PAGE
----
Homeland Security Chief Discusses Changing Nature of Terrorism


The threat of terrorism has changed from “terrorist-directed” to “terrorist-inspired” attacks, Secretary of Homeland Security Jeh Johnson said at the annual Association of the U.S. Army meeting here today.

“There is a new reality to the threats to the homeland that you and I are responsible for guarding,” he said. “The global terrorist threat has evolved.”

The theme of the AUSA meeting is “to win in a complex world,” and Johnson spoke about how complex his world has become. “It is our challenge, too,” he said.

Terrorists have changed their strategy from relying solely on terrorist-directed attacks, he said. The attack on Sept. 11, 2001 was the prime example of a terrorist-directed attack, the secretary said. The terrorists who attacked America that day were recruited and financed from Afghanistan. The planning and training were conducted outside the United States. Then they arrived in America and carried out the attacks that left more than 3,000 dead.

There are other examples -- the underwear bomber in 2009, the Times Square attempt in 2010, and the attempted package bomb plot of 2010, Johnson said.

“These are examples of what were likely terrorist-directed attacks by those overseas,” he said.

“Today, we see in addition to that threat, the threat of terrorist-inspired attacks,” Johnson said.

Radicalization

Those attacks are often propagated by U.S. citizens who have become radicalized by groups like al-Qaida in the Arabian Peninsula or the Islamic State of Iraq and the Levant. AQAP “no longer builds bombs in secret; it now puts out an instruction manual and urges the public to do the same thing,” he said.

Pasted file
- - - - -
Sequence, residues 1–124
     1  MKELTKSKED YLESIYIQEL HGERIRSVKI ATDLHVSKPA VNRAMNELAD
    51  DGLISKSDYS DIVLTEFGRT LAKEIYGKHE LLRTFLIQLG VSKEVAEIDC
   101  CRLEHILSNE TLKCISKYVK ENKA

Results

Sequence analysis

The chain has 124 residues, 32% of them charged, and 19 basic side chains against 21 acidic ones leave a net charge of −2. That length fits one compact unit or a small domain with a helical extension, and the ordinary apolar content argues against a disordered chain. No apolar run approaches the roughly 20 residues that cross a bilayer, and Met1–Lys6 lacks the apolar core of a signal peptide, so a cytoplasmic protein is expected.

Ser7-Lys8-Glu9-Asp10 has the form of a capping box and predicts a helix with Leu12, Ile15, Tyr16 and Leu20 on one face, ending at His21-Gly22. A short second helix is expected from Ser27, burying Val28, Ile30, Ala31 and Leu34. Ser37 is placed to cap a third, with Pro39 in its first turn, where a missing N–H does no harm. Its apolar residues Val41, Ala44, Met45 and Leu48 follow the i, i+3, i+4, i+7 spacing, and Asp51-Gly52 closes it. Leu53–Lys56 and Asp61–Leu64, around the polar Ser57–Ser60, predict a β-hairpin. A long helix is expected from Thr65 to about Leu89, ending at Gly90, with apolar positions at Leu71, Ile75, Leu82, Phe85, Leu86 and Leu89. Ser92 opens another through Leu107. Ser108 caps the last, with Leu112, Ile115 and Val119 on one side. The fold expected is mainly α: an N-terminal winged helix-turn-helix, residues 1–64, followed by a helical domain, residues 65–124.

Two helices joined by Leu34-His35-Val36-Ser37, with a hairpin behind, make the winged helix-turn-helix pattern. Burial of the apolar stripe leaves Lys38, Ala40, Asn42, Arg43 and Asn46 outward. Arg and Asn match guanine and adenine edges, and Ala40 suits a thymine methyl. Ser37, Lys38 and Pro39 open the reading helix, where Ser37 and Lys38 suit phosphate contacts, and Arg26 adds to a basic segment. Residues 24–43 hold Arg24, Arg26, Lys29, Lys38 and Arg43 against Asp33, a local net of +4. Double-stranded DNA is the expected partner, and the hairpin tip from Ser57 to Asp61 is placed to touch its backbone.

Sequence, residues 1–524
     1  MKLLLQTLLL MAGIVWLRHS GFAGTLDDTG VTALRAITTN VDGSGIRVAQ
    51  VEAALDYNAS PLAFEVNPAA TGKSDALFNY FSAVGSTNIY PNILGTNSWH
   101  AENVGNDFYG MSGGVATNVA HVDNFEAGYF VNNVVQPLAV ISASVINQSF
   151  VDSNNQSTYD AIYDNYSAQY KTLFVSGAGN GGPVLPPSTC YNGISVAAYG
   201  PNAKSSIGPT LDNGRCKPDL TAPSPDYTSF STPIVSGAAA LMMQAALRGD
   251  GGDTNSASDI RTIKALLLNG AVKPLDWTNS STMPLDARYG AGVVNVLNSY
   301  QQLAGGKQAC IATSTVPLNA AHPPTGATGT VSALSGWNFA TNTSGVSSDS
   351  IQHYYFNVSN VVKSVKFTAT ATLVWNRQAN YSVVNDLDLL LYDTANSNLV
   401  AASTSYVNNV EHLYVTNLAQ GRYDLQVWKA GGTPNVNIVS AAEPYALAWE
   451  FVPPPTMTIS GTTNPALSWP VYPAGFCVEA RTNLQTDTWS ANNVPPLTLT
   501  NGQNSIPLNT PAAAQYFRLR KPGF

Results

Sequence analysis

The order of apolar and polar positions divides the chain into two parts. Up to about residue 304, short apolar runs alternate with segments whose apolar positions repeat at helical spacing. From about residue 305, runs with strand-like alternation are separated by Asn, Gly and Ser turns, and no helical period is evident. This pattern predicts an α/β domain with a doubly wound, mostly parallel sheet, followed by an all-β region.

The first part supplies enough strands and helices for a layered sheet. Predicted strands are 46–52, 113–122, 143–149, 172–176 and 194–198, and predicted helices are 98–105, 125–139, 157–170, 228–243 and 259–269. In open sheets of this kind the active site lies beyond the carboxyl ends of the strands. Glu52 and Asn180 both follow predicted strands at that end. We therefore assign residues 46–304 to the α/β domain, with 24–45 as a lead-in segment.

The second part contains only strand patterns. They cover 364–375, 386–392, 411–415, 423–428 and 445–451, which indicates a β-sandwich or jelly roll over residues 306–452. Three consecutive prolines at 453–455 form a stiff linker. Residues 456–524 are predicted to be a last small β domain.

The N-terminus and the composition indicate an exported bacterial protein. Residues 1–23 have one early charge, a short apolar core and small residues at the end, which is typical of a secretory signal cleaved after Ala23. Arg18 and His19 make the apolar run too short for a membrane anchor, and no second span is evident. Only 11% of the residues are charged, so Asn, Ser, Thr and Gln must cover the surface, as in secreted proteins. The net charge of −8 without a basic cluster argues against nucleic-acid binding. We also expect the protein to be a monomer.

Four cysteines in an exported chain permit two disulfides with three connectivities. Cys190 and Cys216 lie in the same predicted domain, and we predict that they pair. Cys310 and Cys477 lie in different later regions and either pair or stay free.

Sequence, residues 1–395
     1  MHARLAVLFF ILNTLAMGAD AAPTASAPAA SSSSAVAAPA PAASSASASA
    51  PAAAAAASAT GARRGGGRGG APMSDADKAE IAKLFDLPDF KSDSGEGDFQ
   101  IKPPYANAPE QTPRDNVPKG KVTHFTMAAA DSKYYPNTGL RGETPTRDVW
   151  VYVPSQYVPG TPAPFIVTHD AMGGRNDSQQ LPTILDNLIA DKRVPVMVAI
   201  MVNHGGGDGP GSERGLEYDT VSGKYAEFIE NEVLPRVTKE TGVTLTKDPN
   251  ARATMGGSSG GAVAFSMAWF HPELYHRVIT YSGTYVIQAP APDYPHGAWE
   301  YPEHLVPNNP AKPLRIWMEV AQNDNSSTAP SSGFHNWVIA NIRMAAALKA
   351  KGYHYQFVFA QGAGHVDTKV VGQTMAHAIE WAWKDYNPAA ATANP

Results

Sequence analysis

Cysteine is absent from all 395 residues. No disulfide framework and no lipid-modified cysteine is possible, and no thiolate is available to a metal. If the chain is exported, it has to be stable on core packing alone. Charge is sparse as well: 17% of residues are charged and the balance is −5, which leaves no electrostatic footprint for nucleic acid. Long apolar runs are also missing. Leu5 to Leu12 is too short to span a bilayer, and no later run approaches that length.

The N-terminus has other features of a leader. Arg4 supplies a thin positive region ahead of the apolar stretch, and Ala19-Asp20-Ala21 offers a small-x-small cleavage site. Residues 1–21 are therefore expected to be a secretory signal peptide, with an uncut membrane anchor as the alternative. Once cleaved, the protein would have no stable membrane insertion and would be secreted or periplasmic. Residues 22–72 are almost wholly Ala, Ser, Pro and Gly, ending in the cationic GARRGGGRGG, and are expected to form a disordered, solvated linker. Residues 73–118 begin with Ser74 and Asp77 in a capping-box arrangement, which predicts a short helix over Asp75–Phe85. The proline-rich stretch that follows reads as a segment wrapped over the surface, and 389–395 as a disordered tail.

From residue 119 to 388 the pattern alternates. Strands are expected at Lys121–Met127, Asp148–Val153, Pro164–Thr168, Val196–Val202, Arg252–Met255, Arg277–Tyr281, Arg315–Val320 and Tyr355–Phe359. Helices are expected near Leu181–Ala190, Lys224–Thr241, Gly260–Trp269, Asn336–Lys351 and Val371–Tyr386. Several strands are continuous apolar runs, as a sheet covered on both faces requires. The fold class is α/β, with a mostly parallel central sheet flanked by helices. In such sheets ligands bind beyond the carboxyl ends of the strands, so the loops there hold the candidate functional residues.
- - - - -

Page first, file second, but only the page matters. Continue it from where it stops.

Homeland Security sees an increasing threat from the lone-wolf actor and foreign fighters, Johnson said.

The terrorist-inspired attacks include the Boston Marathon bombing in April 2013, the attack on the Charlie Hebdo magazine in Paris this year and the attack in Chattanooga in July that killed five service members, Johnson said

New Reality

“This is the new reality of what we face,” he said. “It is more complex and has led to a more complex world. In many respects it is harder to detect.”

Law enforcement “has become pretty good” at finding and foiling overseas plots, Johnson said. “The home grown actor could strike at any moment and is inspired by something he sees.”

Combating it requires a whole-of-government response, he said. The military has a role in taking the fight to terror groups overseas. This has had success, he said, noting many al-Qaida leaders and ISIL terrorists are dead.

Law enforcement has a key role in combating terror, Johnson added. “It has become more important that the Department of Homeland Security and the FBI -- given how this threat has evolved -- work closely with and share intelligence with state and local officials,” he said.

But stopping homegrown terrorists means countering the extremist message, Johnson said, adding that he has personally pursued outreach to Muslim communities in the United States to understand what they need to counter the hateful ideology. He spoke of providing grants to organizations that work to counter violent extremists and mentioned this will take years to develop.

(Follow Jim Garamone on Twitter: @garamoneDoDnews)